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The rationale behind the new workers compensation rates for 2020 should be clearer, says the NWT Chamber of Commerce.

The list of industries published by the Workers Safety and Compensation Commission (WSCC) shows an average increase from 2019 to 2020 of about $0.30 per $100 of accessible payroll for most jobs.

However, government jobs, which are listed under the one category of Government of the NWT and Nunavut and Public Utilities saw their rates rise by more than 60 cents from $1.01 in 2019 to $1.62 in 2020.

The NWT Chamber of Commerce argues it is problematic for all job categories in the GNWT to be lumped together in one class by the Workers Safety and Compensation Commission.
Wikimedia photo

GNWT jobs form one category because under the Workers’ Compensation Act, the GNWT is considered as one employer, as WSCC spokesperson Heidi Held explained to News/North.
“Employers are classified in the industry they support rather than the jobs performed in their operations,” Held said.

“Each year when the rates are set, the overall cost associated with all claims within a subclass are included to ensure the rate covers all the current and future costs associated with workplace injuries. Therefore, even though there are varied duties within the GNWT the rate reflects the industry experience as a whole.”

But including the varying types of government jobs under one category is problematic, said Jenni Bruce, president of the NWT Chamber of Commerce and area manager with Yellowknife Midwest Property Management.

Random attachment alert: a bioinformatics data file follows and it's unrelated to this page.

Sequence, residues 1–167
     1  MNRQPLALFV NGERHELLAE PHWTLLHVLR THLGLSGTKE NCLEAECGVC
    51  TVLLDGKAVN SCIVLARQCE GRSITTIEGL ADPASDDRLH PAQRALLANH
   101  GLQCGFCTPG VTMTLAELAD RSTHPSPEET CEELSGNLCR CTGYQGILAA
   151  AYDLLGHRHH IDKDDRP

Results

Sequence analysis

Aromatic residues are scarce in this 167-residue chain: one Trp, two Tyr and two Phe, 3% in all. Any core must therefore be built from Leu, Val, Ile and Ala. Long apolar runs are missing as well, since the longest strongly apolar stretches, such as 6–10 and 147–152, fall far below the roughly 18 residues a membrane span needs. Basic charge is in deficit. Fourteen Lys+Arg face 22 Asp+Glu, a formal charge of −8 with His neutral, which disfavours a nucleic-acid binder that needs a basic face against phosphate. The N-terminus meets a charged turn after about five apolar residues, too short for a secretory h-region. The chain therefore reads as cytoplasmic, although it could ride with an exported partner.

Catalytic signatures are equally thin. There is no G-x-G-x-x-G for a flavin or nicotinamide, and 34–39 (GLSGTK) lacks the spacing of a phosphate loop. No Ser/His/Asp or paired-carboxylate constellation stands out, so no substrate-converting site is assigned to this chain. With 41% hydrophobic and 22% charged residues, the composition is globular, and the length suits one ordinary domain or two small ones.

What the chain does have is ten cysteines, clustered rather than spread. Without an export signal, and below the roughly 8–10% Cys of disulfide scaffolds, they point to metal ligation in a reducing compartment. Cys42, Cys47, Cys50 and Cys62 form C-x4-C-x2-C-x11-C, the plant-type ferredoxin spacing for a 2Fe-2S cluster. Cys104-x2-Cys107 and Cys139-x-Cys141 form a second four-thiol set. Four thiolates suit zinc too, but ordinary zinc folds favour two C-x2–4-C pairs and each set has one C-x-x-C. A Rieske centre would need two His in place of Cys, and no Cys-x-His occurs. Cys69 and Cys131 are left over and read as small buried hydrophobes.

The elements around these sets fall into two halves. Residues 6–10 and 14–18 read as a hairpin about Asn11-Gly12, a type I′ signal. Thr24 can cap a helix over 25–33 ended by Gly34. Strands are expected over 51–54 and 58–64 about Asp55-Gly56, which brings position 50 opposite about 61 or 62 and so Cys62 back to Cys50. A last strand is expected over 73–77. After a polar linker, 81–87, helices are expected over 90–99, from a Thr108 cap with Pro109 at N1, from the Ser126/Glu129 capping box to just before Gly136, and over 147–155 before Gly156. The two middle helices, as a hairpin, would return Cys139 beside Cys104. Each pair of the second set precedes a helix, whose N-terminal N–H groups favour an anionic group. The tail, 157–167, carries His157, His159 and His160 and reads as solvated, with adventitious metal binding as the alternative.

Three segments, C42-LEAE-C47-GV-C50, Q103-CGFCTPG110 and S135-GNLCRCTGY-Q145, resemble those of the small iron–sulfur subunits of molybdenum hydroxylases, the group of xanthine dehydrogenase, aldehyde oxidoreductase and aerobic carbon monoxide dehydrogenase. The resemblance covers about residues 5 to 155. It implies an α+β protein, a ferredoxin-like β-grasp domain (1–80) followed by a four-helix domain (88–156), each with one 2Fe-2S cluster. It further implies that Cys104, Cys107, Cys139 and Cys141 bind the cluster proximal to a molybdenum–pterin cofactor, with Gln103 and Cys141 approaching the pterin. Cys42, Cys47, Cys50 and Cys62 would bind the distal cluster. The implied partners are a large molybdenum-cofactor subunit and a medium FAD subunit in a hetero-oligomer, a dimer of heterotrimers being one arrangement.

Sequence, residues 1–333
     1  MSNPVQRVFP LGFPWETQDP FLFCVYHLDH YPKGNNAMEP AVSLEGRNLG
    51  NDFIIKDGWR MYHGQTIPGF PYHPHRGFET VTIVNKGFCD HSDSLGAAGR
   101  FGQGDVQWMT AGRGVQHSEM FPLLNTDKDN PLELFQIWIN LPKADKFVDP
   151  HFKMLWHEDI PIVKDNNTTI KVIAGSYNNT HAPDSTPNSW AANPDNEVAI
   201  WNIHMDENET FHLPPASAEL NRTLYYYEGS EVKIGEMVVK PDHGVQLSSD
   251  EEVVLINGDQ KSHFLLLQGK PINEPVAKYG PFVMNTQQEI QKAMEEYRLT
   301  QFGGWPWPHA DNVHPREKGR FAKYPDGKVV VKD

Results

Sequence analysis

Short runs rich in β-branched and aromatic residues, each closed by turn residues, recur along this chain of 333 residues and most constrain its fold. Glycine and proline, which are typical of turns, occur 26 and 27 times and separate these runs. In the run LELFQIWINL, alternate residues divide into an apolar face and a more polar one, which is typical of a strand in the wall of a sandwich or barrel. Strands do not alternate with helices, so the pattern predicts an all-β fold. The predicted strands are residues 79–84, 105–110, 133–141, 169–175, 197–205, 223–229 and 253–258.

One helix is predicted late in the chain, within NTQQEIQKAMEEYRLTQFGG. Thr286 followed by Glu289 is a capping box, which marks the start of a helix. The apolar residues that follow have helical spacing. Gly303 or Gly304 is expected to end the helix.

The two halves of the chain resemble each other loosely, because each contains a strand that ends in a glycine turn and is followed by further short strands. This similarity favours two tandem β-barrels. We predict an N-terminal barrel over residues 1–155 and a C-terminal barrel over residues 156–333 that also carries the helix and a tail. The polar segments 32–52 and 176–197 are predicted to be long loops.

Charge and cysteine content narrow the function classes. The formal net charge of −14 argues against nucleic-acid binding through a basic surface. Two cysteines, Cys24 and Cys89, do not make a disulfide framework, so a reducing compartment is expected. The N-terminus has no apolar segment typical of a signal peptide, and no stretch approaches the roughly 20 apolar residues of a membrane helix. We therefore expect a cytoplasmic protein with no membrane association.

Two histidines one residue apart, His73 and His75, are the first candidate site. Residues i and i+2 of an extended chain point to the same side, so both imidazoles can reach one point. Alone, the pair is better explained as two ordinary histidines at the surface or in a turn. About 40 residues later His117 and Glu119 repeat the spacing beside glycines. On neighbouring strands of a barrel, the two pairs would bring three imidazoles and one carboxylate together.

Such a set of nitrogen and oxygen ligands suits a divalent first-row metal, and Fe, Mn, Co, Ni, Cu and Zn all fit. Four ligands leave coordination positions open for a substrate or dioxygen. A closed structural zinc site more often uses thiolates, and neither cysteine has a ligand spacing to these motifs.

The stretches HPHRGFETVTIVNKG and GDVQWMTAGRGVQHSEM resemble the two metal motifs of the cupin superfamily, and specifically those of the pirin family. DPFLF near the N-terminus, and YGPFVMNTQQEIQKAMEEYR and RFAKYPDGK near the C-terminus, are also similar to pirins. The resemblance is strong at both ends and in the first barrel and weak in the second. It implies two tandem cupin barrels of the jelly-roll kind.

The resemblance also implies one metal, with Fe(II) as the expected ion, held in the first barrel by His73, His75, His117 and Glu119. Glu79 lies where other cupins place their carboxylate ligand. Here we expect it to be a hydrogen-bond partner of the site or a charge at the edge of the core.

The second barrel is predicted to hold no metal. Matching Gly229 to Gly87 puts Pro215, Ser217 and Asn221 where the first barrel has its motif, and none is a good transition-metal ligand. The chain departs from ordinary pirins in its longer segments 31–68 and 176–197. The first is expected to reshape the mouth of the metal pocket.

“They have a specific rate for all GNWT employees, regardless of the job they have. We believe there are more injuries and claims through GNWT,” she said.

“We don’t feel the rates have been justified. We don’t know the rationale behind the rate hikes because they’re not transparent. They always say that claims costs reflect rate hikes yet they never show a breakdown of claims cost by sector or a specific breakdown of GNWT claims, for example.”

The GNWT job category’s rate increased because the claims cost levels rose “over the experience period of calendar years 2014 to 2018 relative to the experience period used to determine 2019 assessment rates,” according to the WSCC.

Held said the WSCC can’t publicly release employer-specific claims or assessment information.

While the rates for most jobs rose this year by at least $0.30, they rose minimally for some and decreased with others.

Outdoor recreation and tourism dropped from $6.84 to $6.76; mining services decreased from $4.26 to $3.61; general construction went down from $5.70 to $5.63; and ground transportation fell from $2.77 to $2.66.

Most of those categories experienced rate reductions as a result of the decrease in claims cost levels, the WSCC said. Closer attention to employee safety is a contributing factor to the decrease.

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Blair McBride

Blair McBride covers the Legislative Assembly, business and education. Before coming to Yellowknife he worked as a journalist in British Columbia, Thailand and Ontario. He studied journalism at Western...

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